Saturday, September 7, 2013

To My Daughter: Introduction

Dear Morgan,

Last night you posted the following on Facebook.
i'm going to be corny and post this on your wall so everybodyy can see it: you are the best dad and i love you : ]
In addition to getting me all choked up, you may have dropped an answer into my lap.

About seven months ago I broke my decades-long silence on the subject of feminism. During the following six weeks I wrote six more articles. In the last five and a half months I've written only one.

If you read all of my feminism articles from the beginning, you'll see the progress I've made and you'll understand why I've been reticent despite that progress. My initial passion was suffused with an anger that cooled as I wrote. I needed to write about, and with, that anger to get past it. That process has given me both clarity and pause.

Do you remember when I told you I was learning the difference between writing to say what I needed to say, and writing to communicate with my readers? I was thinking primarily of this piece. I don't know if you've read it. Hell, I don't know if I want you to read it. It's not the type of thing your average Dad wants his daughter to see, yet perhaps that very discomfort makes it all the more important to share with you. I stand by every word of it, because it's the truth. Yet I see now that it's an example of my saying what I need to say, rather than writing in a way that communicates. That's why future articles will include rewrites of that piece.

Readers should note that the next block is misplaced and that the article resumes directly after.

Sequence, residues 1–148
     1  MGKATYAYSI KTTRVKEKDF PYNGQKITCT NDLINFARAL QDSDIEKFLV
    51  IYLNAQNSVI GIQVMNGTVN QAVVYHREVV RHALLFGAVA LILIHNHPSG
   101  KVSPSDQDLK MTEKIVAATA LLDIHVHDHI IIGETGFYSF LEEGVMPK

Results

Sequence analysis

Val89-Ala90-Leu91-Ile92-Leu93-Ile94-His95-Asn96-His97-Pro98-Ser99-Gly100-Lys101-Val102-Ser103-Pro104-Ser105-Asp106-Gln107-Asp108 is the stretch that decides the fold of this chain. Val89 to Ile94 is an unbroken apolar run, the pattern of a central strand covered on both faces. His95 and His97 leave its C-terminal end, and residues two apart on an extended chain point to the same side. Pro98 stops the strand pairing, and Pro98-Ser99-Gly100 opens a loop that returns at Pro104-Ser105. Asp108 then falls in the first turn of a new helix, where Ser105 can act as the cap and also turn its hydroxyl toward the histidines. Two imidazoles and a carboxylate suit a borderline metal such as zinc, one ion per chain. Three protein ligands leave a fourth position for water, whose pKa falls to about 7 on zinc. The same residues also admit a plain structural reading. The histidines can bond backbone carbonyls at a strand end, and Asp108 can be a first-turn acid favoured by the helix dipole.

Feminism is polarized, politicized and rhetorically ossified, and I am angry. That's a shitty combination. Now that I've written a few pieces and gained a bit of clarity, I doubt that I'm yet capable of writing usefully about feminism, because the concepts I consider so vital to convey are so easy to misconstrue. Yet I have to keep writing if I'm ever to write more usefully.

I spent months ruminating somewhat bitterly on all these thoughts, and then last night you wrote the post above. And it suddenly occurred to me that I should write all my pieces on feminism TO YOU. After all, why am I concerned about feminism? Because I want to contribute to a world where you are safe, where you have equal opportunities, where you can exercise your vital powers, along lines of excellence, in a life affording you scope.

I trust myself when I think of you. I have faith in my ability to do what I do not because anyone's watching, not because I'll get credit--hell, not even caring whether you know about it or not--but because it's right for you. If I write to you, you'll be my pole star leading me through pitfalls of anger and narcissism.

Thanks for being you. I don't know whom I'd be without you.



1 comment:

Joe Check said...

She's your writing sponsor.